The real thing is just a few days away now, so what better time to do the traditional round up of posts for the Session? The theme I asked folks to write about this month was 'Oktoberfest lagers'.

Jack over at Deep Beer wondered whether Oktoberfest lagers come out too soon, and offered a theory that the russets of many an Oktoberfest lager make it worth waiting for the leaves to turn before tucking in.

The Beer Nut managed to find a couple of examples of the style to write about, including an obligatory maß sized can of Eichbaum Festbier - and referred to me as 'His Royal Lageriness', which I rather like.

Other than being two of my favourite blogs to read, Alan at A Better Beer Blog, and the dynamic duo of Boak and Bailey both find themselves underserved locally when it comes to Oktoberfest lagers, and thus ponder the question what would festbier be in an English speaking context? I have to admit when I saw the themes for both posts I was hoping for a treatise on historical 'October beer'.

Closer to home. Tom Cizauskus waxes lyrical about the delights of this year's Sierra Nevada Oktoberfest in collaboration with Brauhaus Miltenberger. Stan compares the Cannstatter Volkfest in Stuttgart to Munich's Oktoberfest, noting that they happen around the same time, and that he has never actually been to Oktoberfest, which neither have I, and I am not overly vexed by that fact, and Jon at The Brew Site reveals Deschutes' hybrid autumnal IPA, Hopzeit.

Thanks again to everyone that took part, and if I failed to mention anyone's posts, just leave a message in the contents and I'll update this post.

UPDATE 1: a really fascinating post from Andreas Krennmair about what was served at the real Oktoberfest in the 19th century, including a surprising visitor from Bohemia.

UPDATE 2: as Thom poins out, I forgot to mention my own post, so here is a link.

Friday, September 1, 2017

The Session 127: A Feast of Oktober


This month's Session is hosted by, well, me. My theme for this month is Oktoberfest lager, and I have had a few well meaning people ask me why I chose the theme of Oktoberferst for the September Session. It's quite simple really, Oktoberfest begins in the middle of September, that and the fact that given the weirdness that is American brewing's obsession with having season beers in the shops well before a season actually starts, the shelves of supermarkets and bottle shops are already groaning with Oktoberfest style lagers, so why not drink a load of them?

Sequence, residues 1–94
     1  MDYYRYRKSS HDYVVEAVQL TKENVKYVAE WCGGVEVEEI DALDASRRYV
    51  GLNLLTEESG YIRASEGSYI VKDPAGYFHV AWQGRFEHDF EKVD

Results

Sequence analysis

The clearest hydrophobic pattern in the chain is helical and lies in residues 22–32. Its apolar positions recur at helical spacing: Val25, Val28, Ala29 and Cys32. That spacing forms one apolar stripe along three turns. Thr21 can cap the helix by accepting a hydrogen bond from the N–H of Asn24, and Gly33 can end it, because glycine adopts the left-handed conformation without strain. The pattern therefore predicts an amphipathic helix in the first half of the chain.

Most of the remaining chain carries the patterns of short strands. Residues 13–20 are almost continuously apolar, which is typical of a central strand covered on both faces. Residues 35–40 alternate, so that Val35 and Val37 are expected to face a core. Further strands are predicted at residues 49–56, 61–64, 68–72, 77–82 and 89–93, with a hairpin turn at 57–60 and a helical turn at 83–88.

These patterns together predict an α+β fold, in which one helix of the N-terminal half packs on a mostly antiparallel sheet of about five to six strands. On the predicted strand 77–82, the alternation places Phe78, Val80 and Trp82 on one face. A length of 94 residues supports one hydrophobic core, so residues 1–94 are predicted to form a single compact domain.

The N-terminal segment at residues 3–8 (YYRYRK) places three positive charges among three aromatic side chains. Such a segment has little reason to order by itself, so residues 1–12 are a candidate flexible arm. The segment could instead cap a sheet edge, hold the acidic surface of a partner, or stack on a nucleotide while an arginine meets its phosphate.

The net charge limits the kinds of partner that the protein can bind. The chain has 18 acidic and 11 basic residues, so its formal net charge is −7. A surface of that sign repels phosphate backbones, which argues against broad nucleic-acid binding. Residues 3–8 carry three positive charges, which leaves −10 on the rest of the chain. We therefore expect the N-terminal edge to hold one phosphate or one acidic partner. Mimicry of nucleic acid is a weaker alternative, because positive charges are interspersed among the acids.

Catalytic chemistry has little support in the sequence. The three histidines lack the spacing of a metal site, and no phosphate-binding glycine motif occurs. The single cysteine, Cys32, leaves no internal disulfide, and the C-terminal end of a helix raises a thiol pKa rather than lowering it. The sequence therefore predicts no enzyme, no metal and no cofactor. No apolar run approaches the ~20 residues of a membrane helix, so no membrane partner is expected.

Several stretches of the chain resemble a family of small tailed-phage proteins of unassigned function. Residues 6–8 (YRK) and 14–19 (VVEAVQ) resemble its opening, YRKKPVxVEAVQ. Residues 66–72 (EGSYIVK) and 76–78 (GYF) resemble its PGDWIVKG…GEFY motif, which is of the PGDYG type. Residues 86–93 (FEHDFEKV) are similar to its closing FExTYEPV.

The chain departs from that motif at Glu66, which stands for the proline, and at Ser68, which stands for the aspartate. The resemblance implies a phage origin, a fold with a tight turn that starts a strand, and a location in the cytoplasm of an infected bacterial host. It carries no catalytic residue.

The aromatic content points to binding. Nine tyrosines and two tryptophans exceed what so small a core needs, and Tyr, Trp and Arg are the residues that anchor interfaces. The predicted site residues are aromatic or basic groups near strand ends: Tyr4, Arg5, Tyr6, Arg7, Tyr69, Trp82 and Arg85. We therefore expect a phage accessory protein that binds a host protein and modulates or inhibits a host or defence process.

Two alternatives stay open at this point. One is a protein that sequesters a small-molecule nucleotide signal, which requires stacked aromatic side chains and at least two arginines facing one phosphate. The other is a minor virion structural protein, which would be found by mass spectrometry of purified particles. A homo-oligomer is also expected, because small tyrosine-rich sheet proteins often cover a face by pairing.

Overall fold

In my original announcement of the theme I said:

"Feel free to dress up for your tasting, dirndls, lederhosen, that Australian backpacker outfit you keep in the back of your wardrobe for special occasions. Hire yourself an oompah band, play the birdy song, and generally get into the spirit of celebrating for the 117th time the marriage of Prince Ludwig and Princess Therese. Whip out the grill and buy all the bratwurst you can find, proper bratwurst that is, from Germany. Shout "O'zapft is!" at the top of your lungs...you get the idea."
Well, sadly I don't have any lederhosen, or an Australian backpacker outfit, nor to I have a thing for the birdy song. I do however love German sausages and mustard, so I gleefully paired my tasting of Oktoberfest lagers with a plate of bockwurst, fried potatoes, and Dusseldorf mustard...


This though is a beer blog, so on to the beers themselves, of which there were 5, said 5 being:
  • Leinenkugel's Oktoberfest
  • Blue Mountain 13.5 Oktoberfest
  • Great lakes Oktoberfest
  • Otter Creek/Brauerei CAmba Oktoberfest
  • Sierra Nevada/Brauerei Miltenburger Oktoberfest
How were they? Let's find out shall we?


Leinenkugel's Oktoberfest
  • Sight - copper, small white head that vanishes quickly
  • Smell - some bready malt, lightly spicy in the background
  • Taste - very lightly toasted bread, slightly grassy, crisp finish
  • Sweet - 1.5/5
  • Bitter - 1/5
So yes, Leinenkugel's is a MillerCoors owned brewery, but I really couldn't give a rat's arse about that, this is a beer blog not a corporate structure blog. The beer is pretty light bodied, but not thin, it just lacks the heft I have come to expect from American Oktoberfests. It's a pretty inoffensive, perfectly well made beer, something that would be fine to drink on a night out, though the lingering sweetness in the finish would get tired after a while, I like my beer bitter and my lagers clean.


Blue Mountain 13.5 Oktoberfest
  • Sight - deep burnished copper, half inch of linger white foam
  • Smell - noticeable noble hop character, floral, citrus, some toffee
  • Taste - lightly toasted bread, a very subtle smokiness, bit of a metallic tang
  • Sweet - 2/5
  • Bitter - 2/5
The local beer in my selection, Blue Mountain being about 20 miles from my house here in Central Virginia. 13.5, the number of degrees Plato that is the starting gravity for this beer, is very much the archetypal American made Oktoberfest lager. It has a nice smooth finish that isn't so sweet as to be cloying, but I find it has a slightly odd bite right at the end and lacks the clean snap I would expect from a Central European lager. Still, a decent beer for an afternoon in their brewpub, preferably in the rain, but I am weird that way.